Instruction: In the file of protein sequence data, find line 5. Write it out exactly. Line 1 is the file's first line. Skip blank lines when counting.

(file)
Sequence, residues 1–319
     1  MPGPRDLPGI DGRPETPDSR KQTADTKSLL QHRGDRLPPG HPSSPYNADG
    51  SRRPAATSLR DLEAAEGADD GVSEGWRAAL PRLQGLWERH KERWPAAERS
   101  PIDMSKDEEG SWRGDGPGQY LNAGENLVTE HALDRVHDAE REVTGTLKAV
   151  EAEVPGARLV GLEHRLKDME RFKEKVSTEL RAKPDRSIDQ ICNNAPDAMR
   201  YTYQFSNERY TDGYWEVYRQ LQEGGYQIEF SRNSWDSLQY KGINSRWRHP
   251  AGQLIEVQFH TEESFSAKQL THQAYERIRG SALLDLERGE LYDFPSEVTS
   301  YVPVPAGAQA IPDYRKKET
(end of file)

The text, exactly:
   151  EAEVPGARLV GLEHRLKDME RFKEKVSTEL RAKPDRSIDQ ICNNAPDAMR